After mass, a stranger approached the priest and said, “I’d like you to pray for my hearing.”
The priest placed his hands on the man’s ears and said a passionate, earnest prayer.
“How’s your hearing now?” He asked.
Looking surprised, the man said, “Well, it’s not until tomorrow.”
The priest, of course, thought the man was looking for a much different kind of miracle!
A couple of years ago I got up from bed and I was seeing brown designs floating across my eyes. I went to my ophthalmologist, who immediately sent me to an eye surgeon, telling me I needed to get there without delay.
I found out I had a torn retina. The cause was that the gel-like substance inside the eye shrinks and separates from the retina as a person ages, causing a tear— just another adventure in the delightful process of aging! He said it needed to be dealt with immediately and he gave me laser surgery. The laser basically burns around the edges of the tear so that it doesn’t continue the separation. He did the operation that day, and then a few weeks later did it some more. I was healed completely after the second time.
Thanks be to God! God healed me, for all healing comes from God. The eye surgeon, who happened to be a member of my parish, was known to be one of the best in the country. He’s God’s instrument of healing, and I give thanks to God for Dr. Niffenegger.
My healing was gradual. It started with my recognizing that I had a problem and then seeking help. Then I went to a well trained and talented surgeon, who basically brought about the healing over a few weeks in a two step process. I’ve had the blessing of sight ever since I was born, but that problem with my retina could have eventually ended up with my becoming blind.
In today’s Gospel, we heard the account of Jesus’ giving of sight to the man who was born blind. St. John gives a detailed description of the miracle: Jesus spat on the ground, made clay from the spittle, and smeared the clay on the man’s eyes. He then told the man to go and wash in the pool of Siloam, and after doing that the man was able to see.
Of course, our Lord could have simply said to the man, your sight is restored, and it would have been restored. Yet, in this healing, he goes to a lot of extra trouble.
It was believed in that day that spittle had curative properties, especially the spittle of a distinguished person. While we find such a notion to be unhygienic and superstitious, Jesus used a belief of his time to gain the confidence of his patient. Even doctors today know that the effectiveness of treatments of many illnesses depends, at least in part, upon patients’ beliefs in those treatments. On many occasions in which Jesus cured a person, he told that person, “Your faith has made you well.“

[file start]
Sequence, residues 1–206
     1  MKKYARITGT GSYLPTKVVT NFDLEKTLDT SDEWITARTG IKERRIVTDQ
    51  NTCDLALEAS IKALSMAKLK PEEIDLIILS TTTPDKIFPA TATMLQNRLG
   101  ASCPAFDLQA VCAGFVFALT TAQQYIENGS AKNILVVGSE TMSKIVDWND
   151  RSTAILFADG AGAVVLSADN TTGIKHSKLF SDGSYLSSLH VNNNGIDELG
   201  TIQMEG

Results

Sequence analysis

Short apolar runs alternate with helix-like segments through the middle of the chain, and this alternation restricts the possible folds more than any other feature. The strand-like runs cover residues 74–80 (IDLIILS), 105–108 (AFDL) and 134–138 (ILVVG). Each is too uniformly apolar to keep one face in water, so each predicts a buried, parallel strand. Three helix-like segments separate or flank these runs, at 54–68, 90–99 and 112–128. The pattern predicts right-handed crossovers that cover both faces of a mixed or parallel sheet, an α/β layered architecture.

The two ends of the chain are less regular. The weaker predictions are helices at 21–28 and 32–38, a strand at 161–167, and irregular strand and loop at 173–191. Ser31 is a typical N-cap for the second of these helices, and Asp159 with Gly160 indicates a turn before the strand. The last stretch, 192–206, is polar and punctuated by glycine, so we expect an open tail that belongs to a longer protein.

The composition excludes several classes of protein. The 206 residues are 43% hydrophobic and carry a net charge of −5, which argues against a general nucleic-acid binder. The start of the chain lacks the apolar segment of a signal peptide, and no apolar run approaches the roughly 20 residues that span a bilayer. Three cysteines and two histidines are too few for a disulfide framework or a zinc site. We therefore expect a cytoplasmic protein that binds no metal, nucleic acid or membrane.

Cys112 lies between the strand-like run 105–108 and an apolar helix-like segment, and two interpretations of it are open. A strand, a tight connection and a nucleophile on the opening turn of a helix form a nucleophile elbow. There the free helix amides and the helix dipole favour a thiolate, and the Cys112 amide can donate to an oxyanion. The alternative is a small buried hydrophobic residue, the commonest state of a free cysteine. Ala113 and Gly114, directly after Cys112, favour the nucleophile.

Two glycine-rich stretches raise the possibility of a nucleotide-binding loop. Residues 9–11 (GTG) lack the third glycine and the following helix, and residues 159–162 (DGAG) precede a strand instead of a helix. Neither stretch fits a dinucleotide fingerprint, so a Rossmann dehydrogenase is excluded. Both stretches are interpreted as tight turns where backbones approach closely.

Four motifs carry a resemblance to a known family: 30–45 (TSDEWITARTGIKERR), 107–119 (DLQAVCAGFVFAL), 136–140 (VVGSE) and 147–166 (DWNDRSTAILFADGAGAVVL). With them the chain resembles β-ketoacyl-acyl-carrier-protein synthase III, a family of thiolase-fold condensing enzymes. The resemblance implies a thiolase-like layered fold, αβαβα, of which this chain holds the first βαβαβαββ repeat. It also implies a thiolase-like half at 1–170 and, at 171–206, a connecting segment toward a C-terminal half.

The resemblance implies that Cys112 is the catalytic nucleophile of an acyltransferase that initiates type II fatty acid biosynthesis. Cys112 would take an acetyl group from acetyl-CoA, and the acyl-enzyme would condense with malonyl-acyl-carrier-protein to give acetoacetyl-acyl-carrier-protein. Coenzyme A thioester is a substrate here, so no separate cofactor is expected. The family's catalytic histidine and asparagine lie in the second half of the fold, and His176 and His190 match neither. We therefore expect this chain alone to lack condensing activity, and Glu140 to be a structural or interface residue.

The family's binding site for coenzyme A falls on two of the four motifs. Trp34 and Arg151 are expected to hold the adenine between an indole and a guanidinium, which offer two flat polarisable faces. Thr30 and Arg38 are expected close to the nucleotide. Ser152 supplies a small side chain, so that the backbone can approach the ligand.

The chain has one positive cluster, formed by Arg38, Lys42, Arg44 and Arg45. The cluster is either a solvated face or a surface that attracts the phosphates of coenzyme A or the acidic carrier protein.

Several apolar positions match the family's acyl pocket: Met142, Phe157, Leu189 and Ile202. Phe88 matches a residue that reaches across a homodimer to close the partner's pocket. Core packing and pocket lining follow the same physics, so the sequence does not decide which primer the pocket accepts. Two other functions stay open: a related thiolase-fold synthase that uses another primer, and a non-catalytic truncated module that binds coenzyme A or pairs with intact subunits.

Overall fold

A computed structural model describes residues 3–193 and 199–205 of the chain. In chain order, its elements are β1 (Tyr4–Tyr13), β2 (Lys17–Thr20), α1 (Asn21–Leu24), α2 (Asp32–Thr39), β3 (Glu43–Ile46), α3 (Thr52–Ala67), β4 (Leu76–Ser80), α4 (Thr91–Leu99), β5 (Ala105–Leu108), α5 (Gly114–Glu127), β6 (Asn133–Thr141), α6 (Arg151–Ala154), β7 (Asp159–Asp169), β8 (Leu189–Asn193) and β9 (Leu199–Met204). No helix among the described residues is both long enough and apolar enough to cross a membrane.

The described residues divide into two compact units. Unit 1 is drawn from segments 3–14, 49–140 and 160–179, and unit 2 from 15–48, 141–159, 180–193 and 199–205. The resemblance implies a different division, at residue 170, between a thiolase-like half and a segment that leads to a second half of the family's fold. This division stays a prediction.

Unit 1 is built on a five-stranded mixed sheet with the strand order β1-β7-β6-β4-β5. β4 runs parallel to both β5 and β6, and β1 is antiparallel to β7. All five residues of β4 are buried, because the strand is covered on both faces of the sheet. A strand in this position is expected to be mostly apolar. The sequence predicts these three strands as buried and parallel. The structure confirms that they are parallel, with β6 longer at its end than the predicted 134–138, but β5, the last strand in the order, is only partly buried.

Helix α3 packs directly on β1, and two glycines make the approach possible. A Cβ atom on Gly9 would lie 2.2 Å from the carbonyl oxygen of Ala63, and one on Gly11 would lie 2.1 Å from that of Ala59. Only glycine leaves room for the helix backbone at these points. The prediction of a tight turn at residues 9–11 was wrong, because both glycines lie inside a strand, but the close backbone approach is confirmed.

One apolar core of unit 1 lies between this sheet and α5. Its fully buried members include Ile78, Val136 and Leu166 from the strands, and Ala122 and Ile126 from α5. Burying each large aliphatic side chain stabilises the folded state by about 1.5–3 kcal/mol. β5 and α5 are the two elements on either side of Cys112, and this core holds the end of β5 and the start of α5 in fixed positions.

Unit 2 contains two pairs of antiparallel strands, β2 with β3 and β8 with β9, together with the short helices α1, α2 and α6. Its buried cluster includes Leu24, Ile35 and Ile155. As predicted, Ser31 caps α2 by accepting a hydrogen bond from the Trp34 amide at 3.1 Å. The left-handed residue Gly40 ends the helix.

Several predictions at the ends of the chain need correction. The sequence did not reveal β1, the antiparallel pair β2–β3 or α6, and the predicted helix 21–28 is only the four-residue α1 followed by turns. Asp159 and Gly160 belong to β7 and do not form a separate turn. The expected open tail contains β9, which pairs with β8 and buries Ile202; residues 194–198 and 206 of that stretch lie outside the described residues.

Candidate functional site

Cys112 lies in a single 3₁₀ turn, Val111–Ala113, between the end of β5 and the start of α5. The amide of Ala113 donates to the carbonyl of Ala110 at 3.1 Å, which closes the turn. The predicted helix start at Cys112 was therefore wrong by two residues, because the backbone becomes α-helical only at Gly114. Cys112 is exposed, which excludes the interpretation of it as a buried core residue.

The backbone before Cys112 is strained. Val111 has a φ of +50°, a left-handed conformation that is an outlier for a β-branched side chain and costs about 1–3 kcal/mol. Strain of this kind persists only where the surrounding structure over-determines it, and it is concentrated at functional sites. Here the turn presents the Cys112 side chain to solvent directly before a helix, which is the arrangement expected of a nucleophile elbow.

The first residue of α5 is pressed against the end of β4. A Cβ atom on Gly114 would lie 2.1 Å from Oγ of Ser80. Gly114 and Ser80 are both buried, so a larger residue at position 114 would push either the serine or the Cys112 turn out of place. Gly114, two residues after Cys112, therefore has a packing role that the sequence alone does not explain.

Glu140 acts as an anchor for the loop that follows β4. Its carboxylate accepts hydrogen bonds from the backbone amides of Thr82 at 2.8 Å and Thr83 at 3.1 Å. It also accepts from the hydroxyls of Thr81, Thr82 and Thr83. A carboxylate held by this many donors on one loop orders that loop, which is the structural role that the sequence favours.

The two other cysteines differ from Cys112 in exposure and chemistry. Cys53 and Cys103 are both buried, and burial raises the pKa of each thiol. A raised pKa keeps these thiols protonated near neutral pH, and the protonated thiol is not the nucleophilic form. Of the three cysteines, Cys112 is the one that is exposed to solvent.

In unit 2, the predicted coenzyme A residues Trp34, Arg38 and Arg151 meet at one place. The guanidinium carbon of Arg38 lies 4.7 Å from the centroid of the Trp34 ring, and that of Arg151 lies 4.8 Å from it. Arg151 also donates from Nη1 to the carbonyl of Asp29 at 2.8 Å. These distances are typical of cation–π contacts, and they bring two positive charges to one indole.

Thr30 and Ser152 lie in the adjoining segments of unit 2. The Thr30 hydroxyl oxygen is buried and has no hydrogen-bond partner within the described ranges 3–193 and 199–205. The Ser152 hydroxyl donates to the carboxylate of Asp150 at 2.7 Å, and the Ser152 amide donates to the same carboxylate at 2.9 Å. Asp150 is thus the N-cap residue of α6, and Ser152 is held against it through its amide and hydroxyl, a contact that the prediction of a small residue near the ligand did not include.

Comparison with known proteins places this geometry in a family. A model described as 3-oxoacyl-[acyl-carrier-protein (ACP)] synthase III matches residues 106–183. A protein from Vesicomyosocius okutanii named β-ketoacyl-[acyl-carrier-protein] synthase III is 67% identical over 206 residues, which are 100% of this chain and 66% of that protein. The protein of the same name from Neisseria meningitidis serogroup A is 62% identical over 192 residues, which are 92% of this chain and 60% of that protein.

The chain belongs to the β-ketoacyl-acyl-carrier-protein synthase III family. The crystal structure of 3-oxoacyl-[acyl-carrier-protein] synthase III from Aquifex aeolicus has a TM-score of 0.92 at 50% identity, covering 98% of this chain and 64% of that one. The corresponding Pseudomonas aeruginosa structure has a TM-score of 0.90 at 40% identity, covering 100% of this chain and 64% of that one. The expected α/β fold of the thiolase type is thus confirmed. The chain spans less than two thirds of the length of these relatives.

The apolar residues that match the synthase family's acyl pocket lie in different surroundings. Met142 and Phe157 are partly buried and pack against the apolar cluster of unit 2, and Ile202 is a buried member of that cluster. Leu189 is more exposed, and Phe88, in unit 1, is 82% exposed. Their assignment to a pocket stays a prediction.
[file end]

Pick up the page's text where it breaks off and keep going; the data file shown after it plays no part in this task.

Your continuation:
But there’s more to this miracle than simply the gift of sight. When first asked how he received his sight, the once blind man said, “The man called Jesus made clay and anointed my eyes.” So early on, he describes Jesus as “the man Jesus.” When questioned further by the Pharisees, as to Jesus’ identity, he said, “He is a prophet.”
The Pharisees were upset with Jesus, because he healed the man on the Sabbath. In other words, Jesus worked on the Sabbath, when the healing could have been done just as well on another day. By this time in his ministry, Jesus had done many things that upset the religious leaders, and so the supporters of Jesus were always in danger of being excommunicated, cut off from the faithful, prohibited from worshiping with the community.
When the man born blind continued to speak in defense of Jesus, he was excommunicated. After he had been cast out, which is the way John speaks of excommunication, Jesus sought him out, and told him that he was the Messiah. The man who had been given the gift of sight, then said, “Lord, I believe,” and he worshipped him.
Thus, we really have heard about two miracles, one physical, the other spiritual, but both miracles are recalled basically for one purpose: that we might be cured of our spiritual blindness.
Unlike all of the characters in the story, we know the story from the other side of the resurrection. We have the benefit of the insight of countless generations of Christians who have gone before. And yet, we’re still as susceptible to spiritual blindness as people of any age or culture. We still are often blind to the needs of those around us. We’re blind to the fact that our own spiritual health depends upon our willingness to forgive. We’re blinded by prejudice toward and fear of others who are different from us. We’re blinded by the idea that happiness comes from acquiring money and things; we’re blinded by the temptation to believe that what we have and what we are belong to us by right, and not as gifts from God. And a host of other things. One way to state the goal of the Christian life is to be cured completely of our spiritual blindness.